Phil Poverty Essay

729 Words Feb 21st, 2014 3 Pages
I. Introduction
Youth who grow up in disadvantaged neighborhoods fare substantially worse than those who grow up with more affluent neighbors on a wide variety of health and socioeconomic outcomes. A fundamental question in the design of appropriate education, health, and social policies for low income families and communities is the extent to which these correlations reflect the causal impacts of neighborhoods as opposed to family and individual attributes that are not directly affected by the residential environment. This paper uses data from a randomized housing mobility experiment to estimate the causal effects on teenage youth of moving out of high-poverty neighborhoods.
There are a variety of theoretical views about
…show more content…
Living with high socioeconomic status (SES) neighbors could provoke resentment among poor children, and the children may face discrimination from being a racial or ethnic minority. Moreover, competition with high-SES peers in school could lead to low grades, low class rank, and low self-esteem, potentially translating into social isolation, depression, anxiety, and/or delinquency (Wood, 1989; Marsh and Parker, 1984; Collins, 1996).
In these models, low-income children have limited ability to tap into the resources of the high- 2 income community and may in fact be able to obtain more resources in a low-income neighborhood where they are able to build stronger social ties. Finally, the particular children in high-income neighborhoods with whom poor children associate could be those with the lowest incomes and could be engaging in more risky and delinquent behaviors than the peers that the poor children would have spent time with if they had remained in a low-income neighborhood.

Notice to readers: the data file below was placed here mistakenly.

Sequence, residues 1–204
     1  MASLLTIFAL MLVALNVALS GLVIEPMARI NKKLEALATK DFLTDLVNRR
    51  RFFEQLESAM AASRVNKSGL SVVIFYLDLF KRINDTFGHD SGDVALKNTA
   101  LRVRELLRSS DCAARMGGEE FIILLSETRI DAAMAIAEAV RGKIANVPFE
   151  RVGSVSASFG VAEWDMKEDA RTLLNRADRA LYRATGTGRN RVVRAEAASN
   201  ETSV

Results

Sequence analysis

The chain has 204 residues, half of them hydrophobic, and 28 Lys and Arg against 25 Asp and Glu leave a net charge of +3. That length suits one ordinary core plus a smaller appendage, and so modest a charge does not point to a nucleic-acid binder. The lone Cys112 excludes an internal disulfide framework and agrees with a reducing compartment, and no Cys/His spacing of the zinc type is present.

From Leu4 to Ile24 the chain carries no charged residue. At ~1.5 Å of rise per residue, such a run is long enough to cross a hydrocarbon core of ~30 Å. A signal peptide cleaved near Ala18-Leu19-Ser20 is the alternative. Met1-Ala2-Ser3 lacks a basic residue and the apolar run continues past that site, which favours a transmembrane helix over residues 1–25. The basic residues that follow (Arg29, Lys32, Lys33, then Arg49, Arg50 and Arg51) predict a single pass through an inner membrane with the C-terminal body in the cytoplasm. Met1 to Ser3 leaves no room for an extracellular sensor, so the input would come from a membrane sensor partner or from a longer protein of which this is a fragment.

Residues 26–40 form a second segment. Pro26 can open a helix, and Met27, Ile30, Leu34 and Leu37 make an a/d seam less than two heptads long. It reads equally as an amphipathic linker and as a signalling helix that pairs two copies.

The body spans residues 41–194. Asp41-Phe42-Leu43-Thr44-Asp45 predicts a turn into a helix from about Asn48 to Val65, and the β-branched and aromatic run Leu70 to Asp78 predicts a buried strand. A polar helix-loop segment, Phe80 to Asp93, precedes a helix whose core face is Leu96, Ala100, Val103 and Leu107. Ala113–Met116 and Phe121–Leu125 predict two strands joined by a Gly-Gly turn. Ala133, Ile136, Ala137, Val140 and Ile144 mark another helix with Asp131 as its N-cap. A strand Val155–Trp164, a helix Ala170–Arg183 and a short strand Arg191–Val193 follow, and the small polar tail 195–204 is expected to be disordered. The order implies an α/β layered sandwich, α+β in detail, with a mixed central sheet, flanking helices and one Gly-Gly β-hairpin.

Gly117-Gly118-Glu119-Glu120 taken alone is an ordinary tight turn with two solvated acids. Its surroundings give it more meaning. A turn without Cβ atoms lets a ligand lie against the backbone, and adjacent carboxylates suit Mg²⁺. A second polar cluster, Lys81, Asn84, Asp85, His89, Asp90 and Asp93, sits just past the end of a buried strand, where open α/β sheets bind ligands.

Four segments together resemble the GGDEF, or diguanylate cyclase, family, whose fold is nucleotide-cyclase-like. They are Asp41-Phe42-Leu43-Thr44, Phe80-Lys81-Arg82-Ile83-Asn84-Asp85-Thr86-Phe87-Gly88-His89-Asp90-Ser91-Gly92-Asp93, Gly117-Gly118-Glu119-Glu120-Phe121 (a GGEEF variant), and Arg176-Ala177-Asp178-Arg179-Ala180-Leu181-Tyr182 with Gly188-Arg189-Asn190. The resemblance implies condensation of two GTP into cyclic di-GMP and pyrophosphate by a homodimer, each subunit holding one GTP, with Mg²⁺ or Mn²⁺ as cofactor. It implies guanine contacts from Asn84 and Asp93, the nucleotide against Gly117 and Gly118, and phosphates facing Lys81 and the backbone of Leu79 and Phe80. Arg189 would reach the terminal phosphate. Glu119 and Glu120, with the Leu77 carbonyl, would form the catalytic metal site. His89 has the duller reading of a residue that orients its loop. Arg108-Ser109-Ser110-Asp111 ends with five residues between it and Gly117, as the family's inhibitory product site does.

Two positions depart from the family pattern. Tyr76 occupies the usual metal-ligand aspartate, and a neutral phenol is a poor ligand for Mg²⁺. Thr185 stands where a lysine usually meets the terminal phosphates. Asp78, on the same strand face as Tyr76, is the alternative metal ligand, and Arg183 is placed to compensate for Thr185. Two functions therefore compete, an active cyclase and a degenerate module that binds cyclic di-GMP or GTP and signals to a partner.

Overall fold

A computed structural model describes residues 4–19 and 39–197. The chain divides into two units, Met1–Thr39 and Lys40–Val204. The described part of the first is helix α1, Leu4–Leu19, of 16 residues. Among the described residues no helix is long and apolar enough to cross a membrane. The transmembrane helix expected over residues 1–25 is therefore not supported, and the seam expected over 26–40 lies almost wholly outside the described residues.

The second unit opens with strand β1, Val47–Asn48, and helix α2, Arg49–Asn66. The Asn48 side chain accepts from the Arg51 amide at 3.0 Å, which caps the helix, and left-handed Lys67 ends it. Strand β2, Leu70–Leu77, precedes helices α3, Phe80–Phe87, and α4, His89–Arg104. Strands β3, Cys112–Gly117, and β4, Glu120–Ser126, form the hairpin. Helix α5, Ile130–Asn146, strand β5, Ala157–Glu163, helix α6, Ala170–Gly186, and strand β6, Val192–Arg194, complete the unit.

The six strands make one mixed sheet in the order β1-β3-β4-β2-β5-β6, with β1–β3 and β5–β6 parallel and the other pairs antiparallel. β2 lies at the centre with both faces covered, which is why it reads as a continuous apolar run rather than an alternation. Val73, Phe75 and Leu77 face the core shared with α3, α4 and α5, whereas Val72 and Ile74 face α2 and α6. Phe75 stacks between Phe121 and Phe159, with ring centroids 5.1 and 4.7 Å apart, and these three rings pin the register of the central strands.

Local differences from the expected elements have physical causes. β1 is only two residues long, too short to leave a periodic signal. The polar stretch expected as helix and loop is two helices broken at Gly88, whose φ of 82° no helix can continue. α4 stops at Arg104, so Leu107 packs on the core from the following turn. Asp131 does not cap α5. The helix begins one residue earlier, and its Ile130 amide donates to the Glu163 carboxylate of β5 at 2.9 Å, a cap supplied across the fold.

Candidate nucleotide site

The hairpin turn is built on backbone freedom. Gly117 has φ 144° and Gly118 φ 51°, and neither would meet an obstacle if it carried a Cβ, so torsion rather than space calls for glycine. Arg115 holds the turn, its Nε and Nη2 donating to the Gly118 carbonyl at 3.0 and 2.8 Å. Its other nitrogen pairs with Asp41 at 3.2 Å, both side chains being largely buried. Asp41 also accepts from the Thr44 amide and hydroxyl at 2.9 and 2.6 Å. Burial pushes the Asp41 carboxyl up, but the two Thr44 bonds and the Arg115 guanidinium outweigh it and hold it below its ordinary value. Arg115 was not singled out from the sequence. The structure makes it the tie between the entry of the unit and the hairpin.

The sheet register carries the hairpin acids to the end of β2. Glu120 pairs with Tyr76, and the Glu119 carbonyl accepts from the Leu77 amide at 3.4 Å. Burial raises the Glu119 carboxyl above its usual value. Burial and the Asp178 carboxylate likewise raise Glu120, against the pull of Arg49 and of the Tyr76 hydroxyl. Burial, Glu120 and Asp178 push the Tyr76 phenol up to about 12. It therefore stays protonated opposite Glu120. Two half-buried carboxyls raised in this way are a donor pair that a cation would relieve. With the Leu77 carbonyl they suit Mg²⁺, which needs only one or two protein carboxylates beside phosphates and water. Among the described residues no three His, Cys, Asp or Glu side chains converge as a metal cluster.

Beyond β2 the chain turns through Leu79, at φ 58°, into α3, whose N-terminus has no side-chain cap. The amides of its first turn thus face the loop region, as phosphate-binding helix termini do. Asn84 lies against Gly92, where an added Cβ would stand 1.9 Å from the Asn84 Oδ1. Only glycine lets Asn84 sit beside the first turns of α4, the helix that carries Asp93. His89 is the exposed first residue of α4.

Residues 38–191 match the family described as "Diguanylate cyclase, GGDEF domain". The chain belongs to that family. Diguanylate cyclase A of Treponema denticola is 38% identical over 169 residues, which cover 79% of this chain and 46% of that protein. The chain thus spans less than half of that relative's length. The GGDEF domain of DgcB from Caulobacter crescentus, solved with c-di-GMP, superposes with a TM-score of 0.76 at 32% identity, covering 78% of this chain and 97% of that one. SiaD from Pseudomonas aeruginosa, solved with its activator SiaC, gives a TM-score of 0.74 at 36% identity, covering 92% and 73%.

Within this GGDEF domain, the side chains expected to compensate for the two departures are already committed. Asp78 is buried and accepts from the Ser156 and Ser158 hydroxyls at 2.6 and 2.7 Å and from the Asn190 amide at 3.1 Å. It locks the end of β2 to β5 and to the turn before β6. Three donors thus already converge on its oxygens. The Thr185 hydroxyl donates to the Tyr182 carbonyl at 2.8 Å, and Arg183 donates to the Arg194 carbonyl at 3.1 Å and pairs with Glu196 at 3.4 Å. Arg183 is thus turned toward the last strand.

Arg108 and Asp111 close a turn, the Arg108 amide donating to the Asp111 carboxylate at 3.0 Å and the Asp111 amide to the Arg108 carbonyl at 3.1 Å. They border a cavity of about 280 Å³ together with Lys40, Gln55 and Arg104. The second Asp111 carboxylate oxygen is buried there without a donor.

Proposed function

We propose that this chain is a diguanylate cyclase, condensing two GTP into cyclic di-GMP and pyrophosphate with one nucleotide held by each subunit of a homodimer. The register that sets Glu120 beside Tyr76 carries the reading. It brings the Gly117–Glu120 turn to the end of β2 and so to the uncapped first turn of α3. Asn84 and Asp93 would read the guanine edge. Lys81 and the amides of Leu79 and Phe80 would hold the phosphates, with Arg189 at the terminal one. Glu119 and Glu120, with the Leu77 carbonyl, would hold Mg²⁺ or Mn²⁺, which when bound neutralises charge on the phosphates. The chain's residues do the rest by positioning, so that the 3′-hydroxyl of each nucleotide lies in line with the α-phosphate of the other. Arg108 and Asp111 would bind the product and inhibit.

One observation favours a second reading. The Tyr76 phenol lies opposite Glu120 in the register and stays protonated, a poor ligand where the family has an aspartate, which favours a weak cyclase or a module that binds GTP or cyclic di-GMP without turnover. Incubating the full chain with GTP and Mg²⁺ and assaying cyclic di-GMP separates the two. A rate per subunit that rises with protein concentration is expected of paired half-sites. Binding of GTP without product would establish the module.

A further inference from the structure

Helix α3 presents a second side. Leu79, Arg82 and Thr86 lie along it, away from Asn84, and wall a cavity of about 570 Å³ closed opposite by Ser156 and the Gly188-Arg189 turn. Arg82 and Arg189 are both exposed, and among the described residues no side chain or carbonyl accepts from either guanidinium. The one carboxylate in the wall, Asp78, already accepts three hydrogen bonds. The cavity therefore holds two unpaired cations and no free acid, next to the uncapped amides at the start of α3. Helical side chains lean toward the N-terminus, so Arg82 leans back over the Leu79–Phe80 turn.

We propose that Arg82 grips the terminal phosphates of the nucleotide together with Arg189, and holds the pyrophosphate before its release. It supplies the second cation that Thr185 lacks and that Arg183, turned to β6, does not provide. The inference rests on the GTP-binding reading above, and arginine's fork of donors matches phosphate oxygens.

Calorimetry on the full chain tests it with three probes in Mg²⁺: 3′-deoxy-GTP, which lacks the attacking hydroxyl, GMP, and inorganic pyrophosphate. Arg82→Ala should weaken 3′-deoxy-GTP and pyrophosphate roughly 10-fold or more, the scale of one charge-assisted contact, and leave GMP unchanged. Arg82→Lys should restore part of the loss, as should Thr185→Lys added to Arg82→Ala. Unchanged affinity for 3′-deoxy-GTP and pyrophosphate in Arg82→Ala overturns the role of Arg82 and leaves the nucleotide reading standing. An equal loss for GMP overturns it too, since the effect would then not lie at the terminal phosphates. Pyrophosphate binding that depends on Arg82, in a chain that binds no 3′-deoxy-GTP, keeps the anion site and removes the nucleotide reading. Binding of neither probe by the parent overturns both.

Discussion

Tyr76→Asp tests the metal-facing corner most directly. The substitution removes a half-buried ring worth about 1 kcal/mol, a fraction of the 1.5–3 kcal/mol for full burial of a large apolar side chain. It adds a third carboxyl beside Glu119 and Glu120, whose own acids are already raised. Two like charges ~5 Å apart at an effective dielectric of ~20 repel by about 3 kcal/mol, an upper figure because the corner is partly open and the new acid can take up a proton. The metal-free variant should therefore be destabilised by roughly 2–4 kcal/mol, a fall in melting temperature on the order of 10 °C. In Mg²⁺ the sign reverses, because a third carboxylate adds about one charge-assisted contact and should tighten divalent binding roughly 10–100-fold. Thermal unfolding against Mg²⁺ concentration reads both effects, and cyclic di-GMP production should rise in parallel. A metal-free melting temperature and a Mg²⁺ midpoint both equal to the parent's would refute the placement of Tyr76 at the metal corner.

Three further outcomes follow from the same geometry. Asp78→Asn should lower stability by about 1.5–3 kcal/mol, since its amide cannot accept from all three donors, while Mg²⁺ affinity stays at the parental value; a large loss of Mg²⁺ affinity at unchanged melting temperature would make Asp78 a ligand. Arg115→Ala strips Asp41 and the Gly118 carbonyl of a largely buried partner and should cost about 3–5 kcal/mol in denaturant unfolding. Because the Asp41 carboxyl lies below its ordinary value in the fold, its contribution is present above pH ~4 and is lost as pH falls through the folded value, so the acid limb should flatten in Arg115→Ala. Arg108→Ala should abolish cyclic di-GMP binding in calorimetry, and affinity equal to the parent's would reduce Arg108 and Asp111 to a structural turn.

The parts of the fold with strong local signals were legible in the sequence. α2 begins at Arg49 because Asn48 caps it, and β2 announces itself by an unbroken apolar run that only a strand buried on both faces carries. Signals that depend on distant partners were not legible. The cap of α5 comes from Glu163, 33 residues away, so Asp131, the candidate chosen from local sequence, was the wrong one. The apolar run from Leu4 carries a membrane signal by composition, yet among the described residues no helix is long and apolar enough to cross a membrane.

Each of these views is potentially plausible. But the evidence to date distinguishing among these views is essentially indeterminate. Differences in youth outcomes by type of neighborhood reflect, not only the effects of living in a given neighborhood, but also the systematic sorting of families across neighborhoods. Because the sorting process involves many unobserved characteristics, estimating the

Related Documents